U17 Women Defeat Hungary, Advance to Gold-Medal Game
Pilsen, Czech Republic
Leading by just seven points at halftime, the 2014 USA Basketball Women’s U17 World Championship Team (6-0) played its way into the gold-medal game of the 2014 FIBA U17 World Championship with a hard-fought 91-63 win over Hungary (5-1) on Saturday night at City Arena in Pilsen, Czech Republic.
Katie Lou Samuelson (Mater Dei H.S./Huntington Beach, Calif.) made six 3-pointers in the first quarter alone and finished the game 6-of-11 from beyond the arc to set USA Women’s U17 records for 3-pointers made and attempted on her way to 25 points and four steals. Additionally, Kristine Anigwe (Desert Vista H.S./ Phoenix, Ariz.) tied the U.S. Women’s U17 record for rebounds with 14 boards and 14 points, including 4-of-4 from the free-throw line.
The USA will face also-unbeaten Spain (6-0), which defeated Czech Republic (4-2) 73-41, in the gold-medal game at 8:15 p.m. (2:15 p.m. EDT) on ESPNU and online at www.livebasketball.tv on July 6. Czech Republic and Hungary will compete for a bronze medal at 6 p.m. (12 p.m. EDT).
“I thought we struggled at times, and credit Hungary for really pushing the tempo offensively,” said USA head coach Sue Phillips (Archbishop Mitty H.S./San Jose Cagers AAU, Calif.). “They really had us back on our heels. I was not very happy with our defensive effort in the first half. We held them to 24 points in the second half, which is more what we are accustomed to.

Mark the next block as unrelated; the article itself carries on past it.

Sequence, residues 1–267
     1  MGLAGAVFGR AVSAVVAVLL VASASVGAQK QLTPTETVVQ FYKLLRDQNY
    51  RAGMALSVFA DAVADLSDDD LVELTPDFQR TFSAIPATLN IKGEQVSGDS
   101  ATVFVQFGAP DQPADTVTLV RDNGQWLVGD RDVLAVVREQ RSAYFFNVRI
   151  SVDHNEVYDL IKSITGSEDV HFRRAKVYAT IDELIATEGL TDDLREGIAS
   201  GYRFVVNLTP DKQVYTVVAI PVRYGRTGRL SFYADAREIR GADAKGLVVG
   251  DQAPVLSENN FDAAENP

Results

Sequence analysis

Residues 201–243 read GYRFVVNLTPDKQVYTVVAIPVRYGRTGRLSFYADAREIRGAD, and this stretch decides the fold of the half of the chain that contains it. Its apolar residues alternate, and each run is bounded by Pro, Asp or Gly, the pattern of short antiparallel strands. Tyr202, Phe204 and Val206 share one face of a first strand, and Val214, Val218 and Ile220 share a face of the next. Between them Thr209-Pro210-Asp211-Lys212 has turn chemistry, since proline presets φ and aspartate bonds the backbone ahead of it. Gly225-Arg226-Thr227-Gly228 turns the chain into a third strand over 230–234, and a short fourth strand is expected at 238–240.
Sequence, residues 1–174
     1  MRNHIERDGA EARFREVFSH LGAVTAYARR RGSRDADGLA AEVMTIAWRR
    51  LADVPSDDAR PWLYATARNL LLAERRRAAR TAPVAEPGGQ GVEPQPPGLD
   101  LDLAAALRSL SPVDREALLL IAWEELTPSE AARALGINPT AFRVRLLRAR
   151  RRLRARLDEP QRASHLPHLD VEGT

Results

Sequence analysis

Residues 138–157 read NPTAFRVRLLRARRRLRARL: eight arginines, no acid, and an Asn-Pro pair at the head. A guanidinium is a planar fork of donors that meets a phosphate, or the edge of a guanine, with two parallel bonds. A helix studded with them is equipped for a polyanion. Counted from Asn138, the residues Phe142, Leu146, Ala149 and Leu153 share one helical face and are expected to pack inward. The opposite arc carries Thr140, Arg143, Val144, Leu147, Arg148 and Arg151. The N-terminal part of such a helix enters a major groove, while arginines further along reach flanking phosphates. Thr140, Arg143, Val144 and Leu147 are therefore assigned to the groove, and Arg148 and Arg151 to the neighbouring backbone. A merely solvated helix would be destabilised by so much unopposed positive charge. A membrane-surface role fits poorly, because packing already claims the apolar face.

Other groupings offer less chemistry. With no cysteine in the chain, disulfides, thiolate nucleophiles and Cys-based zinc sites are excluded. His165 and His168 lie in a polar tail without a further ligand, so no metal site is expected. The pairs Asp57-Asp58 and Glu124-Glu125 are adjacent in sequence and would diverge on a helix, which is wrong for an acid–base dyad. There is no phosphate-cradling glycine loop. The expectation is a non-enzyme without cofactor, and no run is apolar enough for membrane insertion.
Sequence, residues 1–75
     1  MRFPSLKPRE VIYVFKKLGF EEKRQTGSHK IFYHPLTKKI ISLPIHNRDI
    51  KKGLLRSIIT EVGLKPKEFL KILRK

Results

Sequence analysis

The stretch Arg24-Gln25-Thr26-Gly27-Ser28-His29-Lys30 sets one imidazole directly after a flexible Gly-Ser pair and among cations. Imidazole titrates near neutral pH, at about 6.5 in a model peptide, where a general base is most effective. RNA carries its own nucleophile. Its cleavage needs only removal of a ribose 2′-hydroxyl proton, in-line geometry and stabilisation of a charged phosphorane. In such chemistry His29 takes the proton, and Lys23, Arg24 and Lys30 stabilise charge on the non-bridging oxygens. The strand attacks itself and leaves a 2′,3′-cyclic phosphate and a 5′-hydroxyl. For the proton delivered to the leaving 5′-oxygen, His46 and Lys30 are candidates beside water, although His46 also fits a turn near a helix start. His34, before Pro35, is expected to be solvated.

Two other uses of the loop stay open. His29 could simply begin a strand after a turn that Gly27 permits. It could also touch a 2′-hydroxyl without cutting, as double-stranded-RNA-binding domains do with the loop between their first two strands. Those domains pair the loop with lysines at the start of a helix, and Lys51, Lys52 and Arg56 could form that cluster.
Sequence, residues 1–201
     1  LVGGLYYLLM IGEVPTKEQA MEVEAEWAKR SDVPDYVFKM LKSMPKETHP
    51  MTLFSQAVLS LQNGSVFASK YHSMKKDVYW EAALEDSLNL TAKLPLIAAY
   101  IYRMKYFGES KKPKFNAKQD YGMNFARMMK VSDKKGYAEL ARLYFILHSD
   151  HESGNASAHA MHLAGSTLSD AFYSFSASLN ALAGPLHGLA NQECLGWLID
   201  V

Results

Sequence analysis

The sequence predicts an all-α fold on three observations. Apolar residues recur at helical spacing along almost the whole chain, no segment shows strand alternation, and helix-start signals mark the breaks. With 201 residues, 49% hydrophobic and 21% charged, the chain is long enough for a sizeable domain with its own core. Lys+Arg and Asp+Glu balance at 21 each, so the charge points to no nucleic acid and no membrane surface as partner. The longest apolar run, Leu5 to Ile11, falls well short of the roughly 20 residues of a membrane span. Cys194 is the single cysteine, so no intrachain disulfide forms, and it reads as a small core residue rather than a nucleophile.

“When we started to get cold from the perimeter a little bit, we pounded the ball inside,” Phillips added. “We had 50 points in the paint, which is a great number for us. They mixed up man and zone defense, and I think we showed great balance in our ability to score from the free-throw line, the paint, beyond the arc and in transition.”
The USA buckled down on defense in the second half and limited Hungary to 27.8 percent shooting (10-36 FGs), while it heated up to 52.9 percent from the field (18-34 FGs) and scored 36 of its 45 second-half points in the paint.
Also reaching double-digit scoring were Asia Durr (St. Pius X Catholic H.S./Douglasville, Ga.) with 17 points and six assists; and Joyner Holmes (Cedar Hill H.S./Cedar Hill, Texas) with 11 points and six rebounds.
“In the first half, we didn't play as well on defense,” Durr said. “In the second half, we came out with some fire and played well as a team, got some stops and scored a whole bunch of points.”
Twice Hungary led in the game’s first few minutes, before a 9-0 run that began with Samuelson’s second three at 7:30 put the USA ahead 14-7 at 6:03. As Samuelson went on to sink four more 3-pointers, Hungary managed to nearly keep pace with the USA, and compiled a 6-0 run of its own to bring the score to 27-22 with a free throw at 1:16. Nancy Mulkey (Cypress Woods H.S./Cypress, Texas) scored off of an offensive rebound and Anigwe converted an old-fashioned three-point play as Hungary also scored twice more in the stanza to trail
32-26 at the first break.
“I think I shot pretty well in warm ups, and then my teammates did a great job of finding me,” Samuelson said of her first-quarter performance. “They knew I was hitting, and they got me open looks. It was a great team effort, and I have to give the credit to my teammates getting me the ball.”
Neither team found much breathing room in the second quarter, and when the USA put together five straight points to lead 44-31 at 3:16, Hungary answered right back by closing the first half with an 8-2 run, including six made free throws in the final 1:11, and the teams headed to the locker room with the USA up by seven points, 46-39.